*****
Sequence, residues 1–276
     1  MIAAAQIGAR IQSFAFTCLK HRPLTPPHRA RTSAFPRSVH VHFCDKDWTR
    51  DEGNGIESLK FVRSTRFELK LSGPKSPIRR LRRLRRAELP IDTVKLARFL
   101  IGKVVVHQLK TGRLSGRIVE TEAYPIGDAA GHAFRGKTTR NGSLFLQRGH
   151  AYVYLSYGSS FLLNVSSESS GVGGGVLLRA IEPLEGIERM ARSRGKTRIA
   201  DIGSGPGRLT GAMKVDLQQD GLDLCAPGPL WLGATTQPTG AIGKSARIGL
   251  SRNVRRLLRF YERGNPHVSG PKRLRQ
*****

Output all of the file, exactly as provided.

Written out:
Sequence, residues 1–276
     1  MIAAAQIGAR IQSFAFTCLK HRPLTPPHRA RTSAFPRSVH VHFCDKDWTR
    51  DEGNGIESLK FVRSTRFELK LSGPKSPIRR LRRLRRAELP IDTVKLARFL
   101  IGKVVVHQLK TGRLSGRIVE TEAYPIGDAA GHAFRGKTTR NGSLFLQRGH
   151  AYVYLSYGSS FLLNVSSESS GVGGGVLLRA IEPLEGIERM ARSRGKTRIA
   201  DIGSGPGRLT GAMKVDLQQD GLDLCAPGPL WLGATTQPTG AIGKSARIGL
   251  SRNVRRLLRF YERGNPHVSG PKRLRQ